When the telephone was first invented, some people were annoyed that this technology was now able to interrupt dinner.
Now the phone fits in your pocket and is also a gaming system, alarm clock and personal computer.
It interrupts everything—yoga class, lunch with a friend and sometimes sleep.
Maybe we’ve given it too much power. Does it have so much power over us that it keeps us from connecting in real life?
A few weeks ago, I was teaching my weekly noon yoga class at the Facebook Fitness Center in Menlo Park, CA.
They have a little gym there where I taught a yoga class, in addition to Pilates and cycling classes.
Right before class began, a student was typing on her phone. Noticing this, I asked the whole class to turn off their cell phones.
She obliged, put it down next to her mat, and we began.
Halfway into class, right as I was starting a demo of ardha chandrasna (half moon pose), she decided to check her phone.
I stopped talking and looked at her.
I said nothing, but I’m sure my face said it all. “Really? Your email is more important than understanding your body? It’s more important than taking time for you? It’s more important than everyone else here?”
Oh, and by the way, she was in the middle of the front row.
She stepped out and rejoined class a few minutes later. Apparently, she had gone to complain to management.
Previously, I had been asked by management to just let the students do whatever they wanted.
Come in late, leave early, answer emails, come in during class to get weights, take photos for the newsletter—whatever came up, I was told to just say yes.
So, on this day, I didn’t actually say anything to this student. I just looked at her with utter disbelief.
Two weeks later, I was fired from the Facebook gym.
I contested the decision at the time since I didn’t actually ask her to leave.
They had already made their decision.
What has happened that work or updating a status is more important than being in the moment? Are we so incapable of disconnecting? What could be going on that couldn’t wait 30 minutes? This is not the emergency room; it’s just Facebook.
The first time I taught at Facebook I started class with a short meditation.
One student was completely incapable of sitting still and closing her eyes for those three minutes. She fidgeted and looked around, visibly uncomfortable with those few minutes of silence. The more she resisted, the more uncomfortable she seemed to become. Her behavior was similar in savasana.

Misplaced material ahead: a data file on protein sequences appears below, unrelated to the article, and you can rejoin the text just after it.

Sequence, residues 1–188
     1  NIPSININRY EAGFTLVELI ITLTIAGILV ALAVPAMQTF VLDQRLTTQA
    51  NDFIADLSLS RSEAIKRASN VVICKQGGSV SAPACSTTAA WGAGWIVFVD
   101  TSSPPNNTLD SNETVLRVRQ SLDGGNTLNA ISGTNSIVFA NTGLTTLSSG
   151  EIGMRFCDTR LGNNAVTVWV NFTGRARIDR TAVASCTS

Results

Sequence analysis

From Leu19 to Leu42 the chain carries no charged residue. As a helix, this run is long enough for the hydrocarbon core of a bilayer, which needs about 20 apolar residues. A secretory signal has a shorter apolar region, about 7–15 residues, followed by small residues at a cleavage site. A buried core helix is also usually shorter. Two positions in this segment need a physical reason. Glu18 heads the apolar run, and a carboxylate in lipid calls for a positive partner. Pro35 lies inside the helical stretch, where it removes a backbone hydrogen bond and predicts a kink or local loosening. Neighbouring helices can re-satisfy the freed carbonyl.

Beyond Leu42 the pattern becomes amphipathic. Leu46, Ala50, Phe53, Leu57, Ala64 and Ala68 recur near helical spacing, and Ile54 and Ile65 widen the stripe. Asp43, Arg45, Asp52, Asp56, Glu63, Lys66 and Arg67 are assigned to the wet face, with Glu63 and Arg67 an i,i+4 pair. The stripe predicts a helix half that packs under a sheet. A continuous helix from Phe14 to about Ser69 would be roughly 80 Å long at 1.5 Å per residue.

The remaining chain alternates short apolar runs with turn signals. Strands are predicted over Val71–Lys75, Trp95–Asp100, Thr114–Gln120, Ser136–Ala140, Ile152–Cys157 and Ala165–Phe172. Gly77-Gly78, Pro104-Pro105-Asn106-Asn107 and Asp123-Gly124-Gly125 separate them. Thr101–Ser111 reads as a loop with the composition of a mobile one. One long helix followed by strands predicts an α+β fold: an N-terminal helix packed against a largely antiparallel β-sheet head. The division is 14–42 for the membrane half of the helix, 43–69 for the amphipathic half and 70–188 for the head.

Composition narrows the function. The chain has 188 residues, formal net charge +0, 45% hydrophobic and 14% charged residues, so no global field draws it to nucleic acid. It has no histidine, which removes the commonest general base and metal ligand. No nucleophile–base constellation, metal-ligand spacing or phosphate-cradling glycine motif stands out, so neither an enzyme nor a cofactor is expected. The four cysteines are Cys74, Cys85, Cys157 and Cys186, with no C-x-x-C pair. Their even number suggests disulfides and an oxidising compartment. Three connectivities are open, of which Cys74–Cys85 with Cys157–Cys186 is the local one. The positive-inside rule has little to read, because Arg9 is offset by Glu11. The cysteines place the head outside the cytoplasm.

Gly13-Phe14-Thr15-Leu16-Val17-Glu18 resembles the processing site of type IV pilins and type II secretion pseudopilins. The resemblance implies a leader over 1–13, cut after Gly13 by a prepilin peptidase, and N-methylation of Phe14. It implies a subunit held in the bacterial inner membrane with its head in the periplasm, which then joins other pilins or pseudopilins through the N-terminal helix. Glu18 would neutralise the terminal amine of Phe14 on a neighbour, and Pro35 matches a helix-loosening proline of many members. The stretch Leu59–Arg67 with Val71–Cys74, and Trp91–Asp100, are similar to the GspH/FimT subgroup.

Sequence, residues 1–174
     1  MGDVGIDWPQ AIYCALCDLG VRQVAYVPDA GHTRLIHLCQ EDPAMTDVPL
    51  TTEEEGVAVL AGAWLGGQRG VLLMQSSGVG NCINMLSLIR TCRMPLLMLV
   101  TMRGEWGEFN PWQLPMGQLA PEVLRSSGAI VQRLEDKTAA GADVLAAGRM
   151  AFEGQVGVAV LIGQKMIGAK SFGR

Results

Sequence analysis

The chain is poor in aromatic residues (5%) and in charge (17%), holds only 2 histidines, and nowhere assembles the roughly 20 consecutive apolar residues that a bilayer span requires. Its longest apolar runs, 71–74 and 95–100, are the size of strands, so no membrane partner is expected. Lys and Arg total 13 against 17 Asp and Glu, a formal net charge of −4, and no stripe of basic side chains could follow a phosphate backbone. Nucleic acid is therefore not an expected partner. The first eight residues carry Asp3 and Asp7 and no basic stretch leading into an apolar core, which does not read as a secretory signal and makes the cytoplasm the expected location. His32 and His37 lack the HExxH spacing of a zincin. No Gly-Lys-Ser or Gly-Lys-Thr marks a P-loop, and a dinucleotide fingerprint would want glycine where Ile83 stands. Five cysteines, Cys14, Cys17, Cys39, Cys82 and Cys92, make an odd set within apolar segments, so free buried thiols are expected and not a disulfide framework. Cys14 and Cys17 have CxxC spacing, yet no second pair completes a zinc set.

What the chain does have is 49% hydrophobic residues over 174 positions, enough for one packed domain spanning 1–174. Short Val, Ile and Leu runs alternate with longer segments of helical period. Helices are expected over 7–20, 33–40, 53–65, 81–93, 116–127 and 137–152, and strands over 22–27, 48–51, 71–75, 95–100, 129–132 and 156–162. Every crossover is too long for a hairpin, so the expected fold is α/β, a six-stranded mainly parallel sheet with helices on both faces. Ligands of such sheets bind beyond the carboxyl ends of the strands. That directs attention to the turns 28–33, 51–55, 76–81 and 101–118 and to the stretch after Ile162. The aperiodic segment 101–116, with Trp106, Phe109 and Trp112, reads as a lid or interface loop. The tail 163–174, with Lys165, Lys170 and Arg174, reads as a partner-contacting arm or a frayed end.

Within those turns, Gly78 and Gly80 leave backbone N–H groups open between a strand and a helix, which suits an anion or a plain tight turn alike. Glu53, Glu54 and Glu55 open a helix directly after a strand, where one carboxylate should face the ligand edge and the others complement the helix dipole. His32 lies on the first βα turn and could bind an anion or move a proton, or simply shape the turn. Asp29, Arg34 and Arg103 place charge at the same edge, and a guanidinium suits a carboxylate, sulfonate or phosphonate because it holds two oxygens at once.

Facebook and all these smart phones have invaded our lives and now we are addicted to being connected via technology. What are we afraid of missing online?
What I have seen over my years of practicing yoga is that technology and being “connected” electronically is depriving us (myself included) of connecting to the present moment.
I welcome my yoga practice as the one place where I don’t have to look at my phone.
I enjoy connecting to my breath and forgetting everything else. It’s a pure time. It’s a much needed break from the stress or drama that is going on.
As the yoga teacher, I want to you experience that break too.
I know you need it, just like a mom knows her three-year-old needs a nap. It’s a little like an addiction.
We can’t stop ourselves. Even when we know it’s not the right time to pick up the phone, we do.
The cost of being constantly connected is high.
When we live a life disconnected to ourselves, it’s living in the surface.
You are constantly on edge, unable to relax and be in any moment as it is.
Plus, it’s very distracting for everyone else in the room, not to mention rude—and it’s vital to pay attention to instructions/demos from your teacher so you can understand the pose better, feel better and avoid injury.
More importantly, yoga is your time to pay attention to yourself. Connect you to you.
The hour or so of disconnecting from the outside is necessary.
Technology invading your peace is not just in yoga class. Start to notice how many times per hour you reach for your phone.
Is something coming up in the silence or stillness of that moment that makes you uncomfortable, or is it boredom?
I encourage everyone to have someplace in their day where there is no television, no phones, no distractions. It may be hard at first but that is where mindfulness begins.
Alice Van Ness is a teacher and writer in the San Francisco Bay Area. Alice has been teaching yoga since 2006 and practicing since the 1990’s. She enjoys yoga, Pilates, cycling, photography and the ceramic arts. She is currently writing a book about growing up and going to high school in Palo Alto.
She has been trained in the Anusara Yoga method but has not dated John Friend. Alice makes her classes fun, while challenging students to go deeper. She is a humorous, passionate, knowledgeable, and giving instructor. She works with students of all ages and abilities, teaching both children’s and family yoga. Alice has worked with children since she was a teenager and finds them to be a great reminder to stay in the present and have fun.
Editor: April Dawn Ricchuito
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